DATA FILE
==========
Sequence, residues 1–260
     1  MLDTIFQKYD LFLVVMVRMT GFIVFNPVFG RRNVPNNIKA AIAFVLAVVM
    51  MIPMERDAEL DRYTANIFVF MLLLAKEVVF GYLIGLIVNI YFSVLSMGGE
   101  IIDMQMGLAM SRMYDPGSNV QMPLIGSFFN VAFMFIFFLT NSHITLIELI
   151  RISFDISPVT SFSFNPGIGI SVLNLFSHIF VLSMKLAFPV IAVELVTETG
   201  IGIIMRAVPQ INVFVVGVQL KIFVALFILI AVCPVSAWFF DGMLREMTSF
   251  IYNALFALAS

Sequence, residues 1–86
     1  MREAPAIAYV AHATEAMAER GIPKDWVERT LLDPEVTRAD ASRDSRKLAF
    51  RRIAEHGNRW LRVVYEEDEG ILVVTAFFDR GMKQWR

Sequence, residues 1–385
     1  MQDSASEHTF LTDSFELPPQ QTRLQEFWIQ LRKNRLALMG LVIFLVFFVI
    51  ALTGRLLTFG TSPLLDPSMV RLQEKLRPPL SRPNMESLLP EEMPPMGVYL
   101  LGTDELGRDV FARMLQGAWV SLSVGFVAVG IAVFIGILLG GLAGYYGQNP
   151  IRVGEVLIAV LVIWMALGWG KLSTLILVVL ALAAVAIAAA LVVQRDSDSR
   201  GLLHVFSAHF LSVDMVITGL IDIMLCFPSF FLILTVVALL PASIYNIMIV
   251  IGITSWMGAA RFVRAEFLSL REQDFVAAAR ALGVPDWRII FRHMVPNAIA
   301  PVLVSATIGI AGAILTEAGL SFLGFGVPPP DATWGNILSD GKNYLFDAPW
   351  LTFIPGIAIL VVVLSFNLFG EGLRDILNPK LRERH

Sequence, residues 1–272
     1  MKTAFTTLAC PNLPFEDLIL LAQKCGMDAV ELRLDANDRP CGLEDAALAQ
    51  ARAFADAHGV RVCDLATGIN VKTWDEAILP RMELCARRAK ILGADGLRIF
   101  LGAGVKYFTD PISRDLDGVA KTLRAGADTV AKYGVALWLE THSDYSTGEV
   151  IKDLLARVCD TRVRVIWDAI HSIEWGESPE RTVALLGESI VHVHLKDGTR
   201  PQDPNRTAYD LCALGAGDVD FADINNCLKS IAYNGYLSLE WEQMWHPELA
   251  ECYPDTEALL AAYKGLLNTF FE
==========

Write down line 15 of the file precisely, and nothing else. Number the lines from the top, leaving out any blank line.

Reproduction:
   151  IRVGEVLIAV LVIWMALGWG KLSTLILVVL ALAAVAIAAA LVVQRDSDSR